In English legend, the Round Table belonged to King Arthur, the mythical and much-admired King of Britain. His Round Table was a famed meeting place for Arthur and his famous knights. Due to its lack of head, it gave each knight equal status in decision-making and discussion, and the Round Table is closely associated with chivalry and democracy.

In The Traitors, everyone comes together each evening to figure out who should be banished. The Round Tables are particularly tense, as each player passionately discusses who they think is most likely to be a Traitor. Once the Round Table discussion comes to an end, each player votes privately. The person who receives the most votes is eliminated from the game and must reveal whether they were Faithful or a Traitor. Faithfuls have been banished for talking too much, not talking enough, or just getting on other people’s nerves.


Example: ‘I vote to banish Alyssa.’

In the 15thcentury, if you were banished, you would be condemned to leave the country and never return. It was considered an official decree by many courts of justice, and often used as a punishment for unruly subjects or particularly troublesome aristocrats. Banish comes from the Old French banir, which means to announce, proclaim or forbid an outlaw.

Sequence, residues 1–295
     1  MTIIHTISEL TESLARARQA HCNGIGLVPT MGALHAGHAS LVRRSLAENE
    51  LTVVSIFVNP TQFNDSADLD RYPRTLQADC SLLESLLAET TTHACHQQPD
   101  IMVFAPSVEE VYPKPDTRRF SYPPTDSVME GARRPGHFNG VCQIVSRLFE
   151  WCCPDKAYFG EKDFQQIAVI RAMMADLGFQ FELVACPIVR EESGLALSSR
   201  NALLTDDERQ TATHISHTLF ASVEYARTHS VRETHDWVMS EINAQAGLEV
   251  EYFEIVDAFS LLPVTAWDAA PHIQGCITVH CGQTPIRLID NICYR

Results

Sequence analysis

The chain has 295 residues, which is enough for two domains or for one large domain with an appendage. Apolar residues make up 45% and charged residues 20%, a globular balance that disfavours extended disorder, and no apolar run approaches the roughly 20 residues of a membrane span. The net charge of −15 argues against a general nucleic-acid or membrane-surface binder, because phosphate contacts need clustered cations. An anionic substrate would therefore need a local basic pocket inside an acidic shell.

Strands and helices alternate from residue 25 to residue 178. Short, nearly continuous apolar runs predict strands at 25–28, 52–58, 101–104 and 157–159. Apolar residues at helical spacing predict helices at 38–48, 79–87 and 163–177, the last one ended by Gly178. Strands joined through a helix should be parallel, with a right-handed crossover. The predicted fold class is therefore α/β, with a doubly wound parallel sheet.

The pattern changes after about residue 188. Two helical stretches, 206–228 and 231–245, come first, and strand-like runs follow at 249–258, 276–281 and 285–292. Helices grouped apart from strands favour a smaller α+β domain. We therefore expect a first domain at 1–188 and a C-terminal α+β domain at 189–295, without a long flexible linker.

In The Traitors, it’s slightly less dramatic. You might not be going home with the prize money, but you can actually go home. If a player is banished at a Round Table by the other players, they are eliminated from the game and kicked out of the castle. The problem with banishment in The Traitors is if you accidentally banish the wrong person. If you do manage to banish a Traitor, the remaining Traitors have the ability to approach a remaining Faithful and try to tempt them over to the dark side.


Example: ‘Claire was murdered last night.’